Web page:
Acta Medica Iranica 2014. 52(7):519-27.

Rapid screening of diabetic polyneuropathy: selection of accurate symptoms and signs in an outpatient clinical setting.
Laily Najafi, Mohammad E Khamseh, Mojtaba Malek, Hamid R Baradaran, Seyed Mojtaba Aghili, Maryam Kia, Rokhsareh Aghili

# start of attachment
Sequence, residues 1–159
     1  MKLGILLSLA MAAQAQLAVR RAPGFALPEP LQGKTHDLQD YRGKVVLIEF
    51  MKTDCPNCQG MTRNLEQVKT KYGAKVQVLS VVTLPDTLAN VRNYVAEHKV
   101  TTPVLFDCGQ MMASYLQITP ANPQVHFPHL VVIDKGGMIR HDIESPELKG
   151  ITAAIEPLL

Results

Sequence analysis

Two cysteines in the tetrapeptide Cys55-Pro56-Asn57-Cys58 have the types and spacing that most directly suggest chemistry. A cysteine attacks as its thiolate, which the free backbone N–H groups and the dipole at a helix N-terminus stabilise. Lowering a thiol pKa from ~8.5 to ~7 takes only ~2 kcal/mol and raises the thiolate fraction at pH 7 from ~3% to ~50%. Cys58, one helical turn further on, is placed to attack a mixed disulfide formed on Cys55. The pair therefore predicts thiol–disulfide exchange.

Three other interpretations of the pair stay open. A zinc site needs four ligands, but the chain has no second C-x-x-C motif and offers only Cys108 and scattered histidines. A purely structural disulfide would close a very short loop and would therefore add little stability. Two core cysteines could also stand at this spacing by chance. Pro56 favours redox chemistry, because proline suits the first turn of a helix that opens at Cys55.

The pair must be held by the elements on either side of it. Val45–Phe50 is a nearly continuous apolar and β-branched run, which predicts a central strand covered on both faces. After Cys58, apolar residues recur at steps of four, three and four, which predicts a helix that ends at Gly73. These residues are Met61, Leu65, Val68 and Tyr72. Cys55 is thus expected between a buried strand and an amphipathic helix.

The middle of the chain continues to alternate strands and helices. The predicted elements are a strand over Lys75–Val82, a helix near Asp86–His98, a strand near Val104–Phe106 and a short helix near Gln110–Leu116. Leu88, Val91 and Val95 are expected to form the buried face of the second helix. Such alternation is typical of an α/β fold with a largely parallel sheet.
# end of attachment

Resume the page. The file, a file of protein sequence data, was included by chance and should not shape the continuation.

Clinical assessment of distal symmetric polyneuropathy (DPN) involves the evaluation of symptoms and signs. Although there are numerous tools to evaluate DPN, there is still a need to determine the most sensitive, specific, and accurate tests to detect DPN in a busy outpatient clinical setting. A total of 107 patients with type 2 diabetes were examined using Michigan Neuropathy Screening Instrument (MNSI). Total score of the instrument was used as a standard to calculate sensitivity, specificity and diagnostic accuracy of every single item of MNSI to find the most accurate and applicable test for evaluation of DPN. In patients' history, the most sensitive (99.4%) and accurate (78%) symptoms were muscle cramp and weakness. Numbness and prickling had lower sensitivity (72.6% and 67.9%, respectively) but greater specificity (65.2% and 47.8%). In physical assessment, the most accurate signs were appearance of feet (81.3%), ankle reflexes (67.2%), and vibration perception (63.5%). Monofilament test had a sensitivity of 16.7%, accuracy of 31.7% with specificity of 87%. Findings show that symptoms such as a muscle cramp, weakness, numbness, and prickling, as well as signs such as ankle reflexes, appearance of feet, and vibration could be used as the most accurate tests for rapid diagnosis of DPN. In addition, the results suggest that monofilament examination may not be the optimum test to detect high risk patients.


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